Comcast Lobbyist Admits To Holding Internet Service For The Poor Hostage To Get NBC Takeover Approved
from the regulatory-capture dept
The Washington Post has a profile piece about Washington DC power dealmaker David Cohen, who has led Comcast's policy and lobbying efforts for the past decade. It starts out (and ends) with a whopper of a story about Cohen explicitly had Comcast not offer a special internet offering for the poor
since he wanted to use it as a bargaining chip in the NBC Universal purchase:
In fall 2009, Comcast planned to launch an Internet service for the poor that was sure to impress federal regulators. But David Cohen, the company's chief of lobbying, told the staff to wait.
At the time, Comcast was planning a controversial $30 billion bid to take over NBC Universal, and Cohen needed a bargaining chip for government negotiations.
"I held back because I knew it may be the type of voluntary commitment that would be attractive to the chairman" of the Federal Communications Commission, Cohen said in a recent interview.
At the end of the article, the reporter (Ceclia Kang) notes that the FCC later "took credit" for this program when it was launched:
The initiative may not have sealed the FCC's decision to approve the NBC merger. But it helped, Cohen said.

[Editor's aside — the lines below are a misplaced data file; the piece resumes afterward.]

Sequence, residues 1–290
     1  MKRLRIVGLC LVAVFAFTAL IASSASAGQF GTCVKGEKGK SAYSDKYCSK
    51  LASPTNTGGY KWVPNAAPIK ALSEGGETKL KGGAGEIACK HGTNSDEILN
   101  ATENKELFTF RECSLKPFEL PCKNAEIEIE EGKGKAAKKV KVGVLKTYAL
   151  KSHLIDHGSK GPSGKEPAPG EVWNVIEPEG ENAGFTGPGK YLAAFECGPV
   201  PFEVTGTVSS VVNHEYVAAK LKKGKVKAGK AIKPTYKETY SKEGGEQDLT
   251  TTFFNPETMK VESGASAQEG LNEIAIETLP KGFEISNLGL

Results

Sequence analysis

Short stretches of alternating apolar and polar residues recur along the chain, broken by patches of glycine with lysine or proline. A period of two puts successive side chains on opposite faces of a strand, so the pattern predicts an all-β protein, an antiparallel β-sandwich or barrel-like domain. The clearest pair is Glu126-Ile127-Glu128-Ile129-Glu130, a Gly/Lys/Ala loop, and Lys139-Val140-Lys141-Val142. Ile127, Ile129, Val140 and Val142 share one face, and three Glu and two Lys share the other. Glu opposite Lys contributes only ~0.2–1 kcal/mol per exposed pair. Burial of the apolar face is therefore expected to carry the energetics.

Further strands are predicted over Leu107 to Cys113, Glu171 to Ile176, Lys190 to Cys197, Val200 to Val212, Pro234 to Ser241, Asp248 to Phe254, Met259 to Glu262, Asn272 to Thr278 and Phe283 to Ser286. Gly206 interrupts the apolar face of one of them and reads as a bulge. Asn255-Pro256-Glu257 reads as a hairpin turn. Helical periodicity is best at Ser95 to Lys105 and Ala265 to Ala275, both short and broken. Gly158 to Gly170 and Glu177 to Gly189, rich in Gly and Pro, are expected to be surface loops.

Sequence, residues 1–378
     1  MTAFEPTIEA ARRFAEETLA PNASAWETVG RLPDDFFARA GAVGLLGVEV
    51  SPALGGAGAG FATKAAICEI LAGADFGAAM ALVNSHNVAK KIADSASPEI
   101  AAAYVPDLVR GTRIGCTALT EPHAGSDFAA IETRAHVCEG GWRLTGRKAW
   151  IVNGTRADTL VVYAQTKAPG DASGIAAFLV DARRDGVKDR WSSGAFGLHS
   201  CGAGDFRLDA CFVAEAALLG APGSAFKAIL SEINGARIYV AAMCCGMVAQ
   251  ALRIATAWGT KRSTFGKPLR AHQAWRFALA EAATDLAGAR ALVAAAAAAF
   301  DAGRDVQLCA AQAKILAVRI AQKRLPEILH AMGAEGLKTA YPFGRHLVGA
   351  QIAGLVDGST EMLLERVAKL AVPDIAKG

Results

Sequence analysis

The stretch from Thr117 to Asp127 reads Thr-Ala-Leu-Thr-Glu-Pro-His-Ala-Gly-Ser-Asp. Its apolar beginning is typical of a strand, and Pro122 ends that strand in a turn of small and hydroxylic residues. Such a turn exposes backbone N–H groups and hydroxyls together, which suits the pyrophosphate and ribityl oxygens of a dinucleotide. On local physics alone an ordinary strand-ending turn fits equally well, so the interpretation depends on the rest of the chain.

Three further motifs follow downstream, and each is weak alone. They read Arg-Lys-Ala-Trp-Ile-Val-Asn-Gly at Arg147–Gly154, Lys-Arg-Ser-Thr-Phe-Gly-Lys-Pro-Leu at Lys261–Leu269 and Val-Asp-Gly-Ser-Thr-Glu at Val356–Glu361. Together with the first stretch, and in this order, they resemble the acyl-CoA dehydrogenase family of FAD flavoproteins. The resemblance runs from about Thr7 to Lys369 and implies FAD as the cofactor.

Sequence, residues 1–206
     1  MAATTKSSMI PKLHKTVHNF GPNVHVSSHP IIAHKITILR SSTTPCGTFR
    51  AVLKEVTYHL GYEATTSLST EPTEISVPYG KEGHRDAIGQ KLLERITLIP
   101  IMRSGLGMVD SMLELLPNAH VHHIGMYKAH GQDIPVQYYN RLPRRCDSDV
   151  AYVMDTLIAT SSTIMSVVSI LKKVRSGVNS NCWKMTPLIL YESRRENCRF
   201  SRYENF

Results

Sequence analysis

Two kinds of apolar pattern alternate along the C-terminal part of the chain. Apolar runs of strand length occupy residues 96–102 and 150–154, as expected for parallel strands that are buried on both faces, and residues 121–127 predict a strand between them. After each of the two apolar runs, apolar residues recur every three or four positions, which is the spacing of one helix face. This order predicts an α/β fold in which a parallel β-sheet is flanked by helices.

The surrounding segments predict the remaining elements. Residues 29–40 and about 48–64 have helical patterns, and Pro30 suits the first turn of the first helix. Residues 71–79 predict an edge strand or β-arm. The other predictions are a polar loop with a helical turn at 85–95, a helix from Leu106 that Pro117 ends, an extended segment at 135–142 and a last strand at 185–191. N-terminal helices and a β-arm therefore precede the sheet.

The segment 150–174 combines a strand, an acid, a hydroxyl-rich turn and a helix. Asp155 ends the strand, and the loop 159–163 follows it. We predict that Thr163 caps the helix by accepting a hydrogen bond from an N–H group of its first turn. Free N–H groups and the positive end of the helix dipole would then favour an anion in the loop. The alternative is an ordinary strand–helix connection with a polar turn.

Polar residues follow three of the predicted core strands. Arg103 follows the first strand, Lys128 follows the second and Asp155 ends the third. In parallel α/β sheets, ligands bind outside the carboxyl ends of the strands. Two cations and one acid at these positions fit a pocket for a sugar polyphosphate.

The proposal clearly captured the fancy of regulators. Late last month, Genachowski, the FCC chairman, touted the program, seemingly claiming some credit for its creation.
"This particular program came from our reviewing of the Comcast NBC-U transaction," Genachowski said in a speech. "Comcast embraced it as good for the country, as well as good for business. And I'm fine with that."
In other words, Cohen delayed a program to help the poor... in order to help make Comcast much, much richer in buying NBC... and then conveniently engineered it so that the FCC takes bogus credit for the program which would have been launched much earlier if Comcast hadn't used it as a bargaining chip. It's hard not to be cynical about politics in general and the FCC in particular when these kinds of stories hit the press. We've long been concerned about the FCC's ability to be played like a fiddle by industry lobbyists, and this only seems to confirm that point.